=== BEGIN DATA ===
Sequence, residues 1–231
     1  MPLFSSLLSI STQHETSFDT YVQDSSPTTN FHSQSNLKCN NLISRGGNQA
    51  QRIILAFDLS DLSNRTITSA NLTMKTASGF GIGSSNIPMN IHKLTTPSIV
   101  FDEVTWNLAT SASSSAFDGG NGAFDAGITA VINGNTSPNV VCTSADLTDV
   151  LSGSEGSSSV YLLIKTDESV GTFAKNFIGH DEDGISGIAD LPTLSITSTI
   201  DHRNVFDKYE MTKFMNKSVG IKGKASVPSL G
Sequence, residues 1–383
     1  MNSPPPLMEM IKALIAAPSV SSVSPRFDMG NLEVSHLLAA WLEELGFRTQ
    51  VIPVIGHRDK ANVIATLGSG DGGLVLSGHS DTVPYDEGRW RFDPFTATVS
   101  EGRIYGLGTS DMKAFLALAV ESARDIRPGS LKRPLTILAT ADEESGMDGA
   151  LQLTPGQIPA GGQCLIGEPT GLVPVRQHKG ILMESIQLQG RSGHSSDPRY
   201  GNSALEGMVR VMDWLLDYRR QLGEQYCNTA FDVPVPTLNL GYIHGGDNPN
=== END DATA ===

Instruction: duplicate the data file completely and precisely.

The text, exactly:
Sequence, residues 1–231
     1  MPLFSSLLSI STQHETSFDT YVQDSSPTTN FHSQSNLKCN NLISRGGNQA
    51  QRIILAFDLS DLSNRTITSA NLTMKTASGF GIGSSNIPMN IHKLTTPSIV
   101  FDEVTWNLAT SASSSAFDGG NGAFDAGITA VINGNTSPNV VCTSADLTDV
   151  LSGSEGSSSV YLLIKTDESV GTFAKNFIGH DEDGISGIAD LPTLSITSTI
   201  DHRNVFDKYE MTKFMNKSVG IKGKASVPSL G
Sequence, residues 1–383
     1  MNSPPPLMEM IKALIAAPSV SSVSPRFDMG NLEVSHLLAA WLEELGFRTQ
    51  VIPVIGHRDK ANVIATLGSG DGGLVLSGHS DTVPYDEGRW RFDPFTATVS
   101  EGRIYGLGTS DMKAFLALAV ESARDIRPGS LKRPLTILAT ADEESGMDGA
   151  LQLTPGQIPA GGQCLIGEPT GLVPVRQHKG ILMESIQLQG RSGHSSDPRY
   201  GNSALEGMVR VMDWLLDYRR QLGEQYCNTA FDVPVPTLNL GYIHGGDNPN